Digital Design—Sequential Logic

Authored by: Sin Ming Loo , Arlen Planting

The Industrial Electronics Handbook

Print publication date:  March  2011
Online publication date:  April  2016

Print ISBN: 9781439802793
eBook ISBN: 9781439802809
Adobe ISBN:

10.1201/b10602-25

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Abstract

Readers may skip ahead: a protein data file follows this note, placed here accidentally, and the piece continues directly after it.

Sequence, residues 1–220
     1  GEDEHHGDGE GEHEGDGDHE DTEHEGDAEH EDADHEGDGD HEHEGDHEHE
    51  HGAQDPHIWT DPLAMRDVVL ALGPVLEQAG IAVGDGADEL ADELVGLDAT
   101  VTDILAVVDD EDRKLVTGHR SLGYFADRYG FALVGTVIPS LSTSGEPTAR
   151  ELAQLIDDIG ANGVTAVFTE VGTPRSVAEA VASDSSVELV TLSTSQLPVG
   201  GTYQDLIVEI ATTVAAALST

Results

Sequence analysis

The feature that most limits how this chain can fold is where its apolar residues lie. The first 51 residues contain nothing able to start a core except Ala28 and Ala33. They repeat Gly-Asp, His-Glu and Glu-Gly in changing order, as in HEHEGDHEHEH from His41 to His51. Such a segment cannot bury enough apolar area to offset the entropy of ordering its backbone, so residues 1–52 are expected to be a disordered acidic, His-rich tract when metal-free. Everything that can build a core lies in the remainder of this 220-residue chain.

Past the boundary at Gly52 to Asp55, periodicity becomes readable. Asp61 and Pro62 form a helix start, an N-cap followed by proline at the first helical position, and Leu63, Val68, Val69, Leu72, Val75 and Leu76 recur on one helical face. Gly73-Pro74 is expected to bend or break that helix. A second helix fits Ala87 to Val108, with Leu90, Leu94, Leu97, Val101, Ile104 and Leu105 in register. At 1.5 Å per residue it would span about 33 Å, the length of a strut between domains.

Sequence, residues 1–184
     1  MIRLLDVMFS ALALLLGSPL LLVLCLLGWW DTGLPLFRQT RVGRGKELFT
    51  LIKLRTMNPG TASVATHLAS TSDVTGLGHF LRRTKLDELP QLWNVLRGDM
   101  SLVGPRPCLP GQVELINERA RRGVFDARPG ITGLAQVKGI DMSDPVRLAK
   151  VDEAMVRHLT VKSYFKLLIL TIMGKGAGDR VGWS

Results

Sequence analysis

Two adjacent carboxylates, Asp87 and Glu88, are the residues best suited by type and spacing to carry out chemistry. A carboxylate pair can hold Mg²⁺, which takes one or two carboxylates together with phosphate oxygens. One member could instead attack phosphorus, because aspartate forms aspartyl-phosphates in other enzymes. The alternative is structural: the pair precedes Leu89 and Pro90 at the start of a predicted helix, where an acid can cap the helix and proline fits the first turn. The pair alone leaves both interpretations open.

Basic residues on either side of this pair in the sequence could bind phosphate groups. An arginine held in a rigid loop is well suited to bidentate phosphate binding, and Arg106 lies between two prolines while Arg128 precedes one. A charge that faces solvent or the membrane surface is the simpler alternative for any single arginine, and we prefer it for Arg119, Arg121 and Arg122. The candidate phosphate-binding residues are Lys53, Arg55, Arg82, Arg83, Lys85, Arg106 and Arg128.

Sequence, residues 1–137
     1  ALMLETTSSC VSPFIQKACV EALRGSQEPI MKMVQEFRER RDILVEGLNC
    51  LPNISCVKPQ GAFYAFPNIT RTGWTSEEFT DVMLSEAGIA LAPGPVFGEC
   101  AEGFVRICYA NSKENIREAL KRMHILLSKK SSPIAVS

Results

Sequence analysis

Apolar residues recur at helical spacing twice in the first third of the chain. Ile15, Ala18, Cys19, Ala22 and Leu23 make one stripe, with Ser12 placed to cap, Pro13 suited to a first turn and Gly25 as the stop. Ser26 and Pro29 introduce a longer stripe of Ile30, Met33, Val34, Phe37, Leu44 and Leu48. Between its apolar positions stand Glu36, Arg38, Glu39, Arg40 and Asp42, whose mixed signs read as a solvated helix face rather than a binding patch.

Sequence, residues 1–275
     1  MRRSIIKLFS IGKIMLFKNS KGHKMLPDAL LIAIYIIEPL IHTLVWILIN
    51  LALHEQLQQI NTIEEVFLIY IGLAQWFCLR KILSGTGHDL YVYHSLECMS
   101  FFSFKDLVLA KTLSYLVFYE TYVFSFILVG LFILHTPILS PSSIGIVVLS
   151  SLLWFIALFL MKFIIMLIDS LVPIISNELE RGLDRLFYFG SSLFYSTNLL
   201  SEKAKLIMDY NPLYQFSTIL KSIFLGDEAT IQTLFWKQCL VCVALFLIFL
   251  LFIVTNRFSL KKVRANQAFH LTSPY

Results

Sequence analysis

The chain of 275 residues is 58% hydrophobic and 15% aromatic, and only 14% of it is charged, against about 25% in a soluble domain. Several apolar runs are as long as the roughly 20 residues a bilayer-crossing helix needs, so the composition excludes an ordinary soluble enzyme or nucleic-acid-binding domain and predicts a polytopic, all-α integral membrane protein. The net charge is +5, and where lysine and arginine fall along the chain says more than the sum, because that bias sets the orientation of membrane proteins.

Memory is the difference between combinational and sequential logic. With combinational logic, the output is generated from inputs (after some gate propagation delays through the logic gates). Propagation delay is the length of time from when the input to a logic gate is valid, to the time when the output of that logic gate is valid. The propagation time will determine how soon a new set of inputs can be processed with the output correctly generated. A sequential logic design has memory elements. The output is dependent on not only the current inputs, but also on the state. This means that sequential logic needs to know where it was and where it is now in order to determine where it is going with the current set of inputs. For example, a full adder is a combinational logic component as it adds input A and B to produce the sum. However, an up-down counter is a sequential logic component because the counter knows the current value; depending on the up-down control input, it will determine the next count value. Figure 21.1 shows an illustration of the differences between combinational and sequential logic.

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